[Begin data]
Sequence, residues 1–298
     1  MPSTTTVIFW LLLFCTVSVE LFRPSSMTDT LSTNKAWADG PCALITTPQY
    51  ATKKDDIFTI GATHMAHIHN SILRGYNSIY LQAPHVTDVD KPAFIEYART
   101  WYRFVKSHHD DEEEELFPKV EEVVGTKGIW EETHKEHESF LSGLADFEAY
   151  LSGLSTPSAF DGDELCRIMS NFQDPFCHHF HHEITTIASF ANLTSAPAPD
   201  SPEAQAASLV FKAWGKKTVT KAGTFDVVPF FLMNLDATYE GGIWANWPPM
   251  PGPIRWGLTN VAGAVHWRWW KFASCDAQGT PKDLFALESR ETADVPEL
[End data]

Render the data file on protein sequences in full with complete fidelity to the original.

Sequence, residues 1–298
     1  MPSTTTVIFW LLLFCTVSVE LFRPSSMTDT LSTNKAWADG PCALITTPQY
    51  ATKKDDIFTI GATHMAHIHN SILRGYNSIY LQAPHVTDVD KPAFIEYART
   101  WYRFVKSHHD DEEEELFPKV EEVVGTKGIW EETHKEHESF LSGLADFEAY
   151  LSGLSTPSAF DGDELCRIMS NFQDPFCHHF HHEITTIASF ANLTSAPAPD
   201  SPEAQAASLV FKAWGKKTVT KAGTFDVVPF FLMNLDATYE GGIWANWPPM
   251  PGPIRWGLTN VAGAVHWRWW KFASCDAQGT PKDLFALESR ETADVPEL